In 2016, a graduate student from PPGBiotec from Univates was on a mission with UT, and the first article (qualis superior) of this mission was published on 01/2019. Later in 2017, in a new international mission, research findings were presented at different academic events. In addition, there were a number of different activities and meetings at Tübingen University. Finally, from November 2018 to March 2019, I came to Tübingen as a Visiting Research Professor. I contributed to the already existing knowledge in Tübingen, helped to create new academic opportunities, and started working on the implementation of future collaborative research projects.
In October 2020, a new mission is planned for Tübingen, focusing on the development of a new bioassay and other important previous data that may collaborate with the identification of molecules with potential for Covid-19.
The benefits of academic exchange on different levels
Currently, three master students, four doctoral students, a post-doc, undergraduate students from different health courses, in addition to three PPGbiotec professors, researchers from health courses, work on topics related to the investigation of new therapeutic compounds, in partnership with the project in execution with Prof. Dr. Laufer. The preliminary results are significant.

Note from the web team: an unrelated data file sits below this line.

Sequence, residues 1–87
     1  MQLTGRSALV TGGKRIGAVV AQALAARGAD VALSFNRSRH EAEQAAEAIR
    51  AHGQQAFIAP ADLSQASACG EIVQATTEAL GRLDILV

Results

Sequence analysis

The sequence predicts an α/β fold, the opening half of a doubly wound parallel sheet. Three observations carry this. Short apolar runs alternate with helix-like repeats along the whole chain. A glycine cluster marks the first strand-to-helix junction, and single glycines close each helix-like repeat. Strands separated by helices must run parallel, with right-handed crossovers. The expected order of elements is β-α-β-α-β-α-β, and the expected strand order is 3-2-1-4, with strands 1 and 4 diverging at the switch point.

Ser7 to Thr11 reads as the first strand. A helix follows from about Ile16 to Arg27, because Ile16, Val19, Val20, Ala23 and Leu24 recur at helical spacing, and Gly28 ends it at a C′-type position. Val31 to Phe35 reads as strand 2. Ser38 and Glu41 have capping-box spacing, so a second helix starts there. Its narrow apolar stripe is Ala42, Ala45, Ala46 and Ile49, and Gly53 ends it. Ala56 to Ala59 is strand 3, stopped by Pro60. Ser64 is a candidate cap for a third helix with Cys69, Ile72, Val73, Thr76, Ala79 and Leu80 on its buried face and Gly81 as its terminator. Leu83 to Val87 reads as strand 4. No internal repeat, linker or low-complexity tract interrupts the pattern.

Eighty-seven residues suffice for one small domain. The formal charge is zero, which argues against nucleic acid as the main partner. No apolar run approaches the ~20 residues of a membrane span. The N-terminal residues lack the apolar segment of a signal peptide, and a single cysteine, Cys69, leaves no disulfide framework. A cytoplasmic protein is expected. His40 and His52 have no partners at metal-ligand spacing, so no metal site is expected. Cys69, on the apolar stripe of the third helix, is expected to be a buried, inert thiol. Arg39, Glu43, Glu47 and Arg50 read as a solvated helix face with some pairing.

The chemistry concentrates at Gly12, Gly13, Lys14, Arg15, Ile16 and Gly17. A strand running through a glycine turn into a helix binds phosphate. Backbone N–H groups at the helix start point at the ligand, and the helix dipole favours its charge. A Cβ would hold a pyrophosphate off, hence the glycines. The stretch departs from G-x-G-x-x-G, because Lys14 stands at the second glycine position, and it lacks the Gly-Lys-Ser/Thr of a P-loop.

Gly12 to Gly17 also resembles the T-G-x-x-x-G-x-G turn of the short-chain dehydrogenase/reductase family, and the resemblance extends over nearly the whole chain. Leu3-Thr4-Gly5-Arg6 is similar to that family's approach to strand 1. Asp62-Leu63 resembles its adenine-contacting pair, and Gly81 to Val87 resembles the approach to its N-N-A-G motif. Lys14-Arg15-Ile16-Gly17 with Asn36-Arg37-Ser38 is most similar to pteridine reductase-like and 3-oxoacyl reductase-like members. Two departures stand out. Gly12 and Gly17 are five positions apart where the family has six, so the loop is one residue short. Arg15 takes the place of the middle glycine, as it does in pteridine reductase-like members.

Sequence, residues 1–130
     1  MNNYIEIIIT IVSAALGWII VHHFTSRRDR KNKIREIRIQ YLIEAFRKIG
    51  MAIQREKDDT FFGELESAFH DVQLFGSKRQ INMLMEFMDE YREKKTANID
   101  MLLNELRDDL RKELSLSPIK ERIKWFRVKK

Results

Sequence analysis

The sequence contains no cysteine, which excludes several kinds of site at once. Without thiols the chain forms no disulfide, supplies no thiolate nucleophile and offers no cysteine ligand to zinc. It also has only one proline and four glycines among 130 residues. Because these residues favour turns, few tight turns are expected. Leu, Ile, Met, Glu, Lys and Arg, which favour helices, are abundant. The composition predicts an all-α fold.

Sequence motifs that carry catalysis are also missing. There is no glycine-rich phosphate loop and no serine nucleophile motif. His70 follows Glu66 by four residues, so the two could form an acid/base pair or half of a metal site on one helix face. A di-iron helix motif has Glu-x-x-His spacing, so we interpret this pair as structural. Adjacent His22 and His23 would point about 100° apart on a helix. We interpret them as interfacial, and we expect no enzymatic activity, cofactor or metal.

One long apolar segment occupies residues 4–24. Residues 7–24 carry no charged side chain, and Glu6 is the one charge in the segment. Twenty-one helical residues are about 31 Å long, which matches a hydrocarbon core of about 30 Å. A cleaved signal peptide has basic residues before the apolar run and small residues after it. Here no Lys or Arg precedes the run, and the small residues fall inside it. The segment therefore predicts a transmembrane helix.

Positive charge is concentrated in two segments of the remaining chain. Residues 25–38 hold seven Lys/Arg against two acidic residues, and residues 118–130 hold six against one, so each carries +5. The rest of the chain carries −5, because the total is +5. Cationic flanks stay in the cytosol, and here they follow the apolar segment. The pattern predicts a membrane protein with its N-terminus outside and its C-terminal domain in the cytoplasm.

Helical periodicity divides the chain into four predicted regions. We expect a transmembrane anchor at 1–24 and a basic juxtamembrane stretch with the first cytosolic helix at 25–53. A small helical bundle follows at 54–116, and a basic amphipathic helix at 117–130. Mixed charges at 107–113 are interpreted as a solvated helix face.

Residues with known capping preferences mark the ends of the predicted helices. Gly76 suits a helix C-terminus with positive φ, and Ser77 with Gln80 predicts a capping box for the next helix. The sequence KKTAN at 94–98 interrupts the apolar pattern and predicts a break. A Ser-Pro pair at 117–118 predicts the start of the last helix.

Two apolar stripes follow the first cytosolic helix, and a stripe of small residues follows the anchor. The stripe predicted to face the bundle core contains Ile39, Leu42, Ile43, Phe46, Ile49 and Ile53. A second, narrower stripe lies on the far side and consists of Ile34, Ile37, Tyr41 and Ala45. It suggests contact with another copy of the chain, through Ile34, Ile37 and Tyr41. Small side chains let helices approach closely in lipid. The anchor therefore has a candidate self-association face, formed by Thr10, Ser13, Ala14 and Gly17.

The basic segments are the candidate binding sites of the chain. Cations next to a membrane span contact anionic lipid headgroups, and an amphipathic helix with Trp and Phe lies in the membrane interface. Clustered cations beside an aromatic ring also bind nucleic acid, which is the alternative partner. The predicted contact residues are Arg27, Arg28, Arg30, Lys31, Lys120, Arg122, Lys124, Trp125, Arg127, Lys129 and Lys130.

The excellent infrastructure, receptivity of the University of Tubingen, as well as its various research groups, were fundamental to my professional and personal experience, and still qualify Univates' research. This qualification occurs with the exchanges of professors and students, and the consequent scientific production developed in collaboration between researchers from both institutions.
This contact is a great stimulus to the internationalization of the students of the Univates postgraduate program, aiming at the dissemination of knowledge.
Review of Trials Currently Testing Stem Cells for Treatment of Respiratory Diseases: Facts Known to Date and Possible Applications to COVID-19. Stem Cell Reviews and Reports, 2020 https://doi.org/10.1007/s12015-020-10033-6
Are peptides a solution for the treatment of hyperactivated JAK3 pathways? Inflammopharmacology. 2019
Neuroprotective potential of Myrciaria plinioides D. Legrand extract in an in-vitro human neuroblastoma model. Inflammopharmacology, 2019
Prof. Dr. Márcia Inês Goettert
Universidade do Vale do Taquari - UNIVATES.
Avenida Avelino Talini, 171
95914014 - Lajeado, RS - Brasil
Telefone: (051) 37147000
Curriculum lattes: http://lattes.cnpq.br/5742493416858879
Link to access the Graduate Program in Biotechnology at the University of Vale do Taquari - Univates: https://www.univates.br/ppgbiotec/
Link to access the Graduate Program in Medical Sciences at the University of Vale do Taquari - Univates: https://www.univates.br/ppgcm/